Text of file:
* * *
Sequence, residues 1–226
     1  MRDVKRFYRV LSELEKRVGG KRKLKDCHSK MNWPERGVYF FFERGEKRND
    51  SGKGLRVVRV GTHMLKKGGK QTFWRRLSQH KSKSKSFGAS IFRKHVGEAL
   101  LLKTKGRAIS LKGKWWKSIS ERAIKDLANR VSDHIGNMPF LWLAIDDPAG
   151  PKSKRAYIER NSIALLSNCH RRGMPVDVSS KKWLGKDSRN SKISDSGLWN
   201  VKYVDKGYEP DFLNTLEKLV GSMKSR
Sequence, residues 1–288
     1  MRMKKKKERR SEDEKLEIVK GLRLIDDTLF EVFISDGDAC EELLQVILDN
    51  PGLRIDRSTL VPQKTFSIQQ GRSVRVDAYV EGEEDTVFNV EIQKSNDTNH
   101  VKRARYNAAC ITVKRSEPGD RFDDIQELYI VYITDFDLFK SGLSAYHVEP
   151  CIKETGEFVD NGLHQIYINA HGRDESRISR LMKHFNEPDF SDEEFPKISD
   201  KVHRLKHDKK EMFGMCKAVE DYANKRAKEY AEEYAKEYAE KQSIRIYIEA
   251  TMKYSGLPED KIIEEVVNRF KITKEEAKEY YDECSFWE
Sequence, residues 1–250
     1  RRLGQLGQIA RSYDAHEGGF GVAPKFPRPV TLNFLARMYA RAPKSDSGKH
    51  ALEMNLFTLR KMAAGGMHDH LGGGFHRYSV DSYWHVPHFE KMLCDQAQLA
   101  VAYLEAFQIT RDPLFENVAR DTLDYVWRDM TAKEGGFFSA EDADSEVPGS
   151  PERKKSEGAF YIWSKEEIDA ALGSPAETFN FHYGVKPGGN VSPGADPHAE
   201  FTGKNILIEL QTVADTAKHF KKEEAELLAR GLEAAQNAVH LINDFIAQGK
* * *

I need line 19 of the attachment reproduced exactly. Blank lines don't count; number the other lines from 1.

   201  FTGKNILIEL QTVADTAKHF KKEEAELLAR GLEAAQNAVH LINDFIAQGK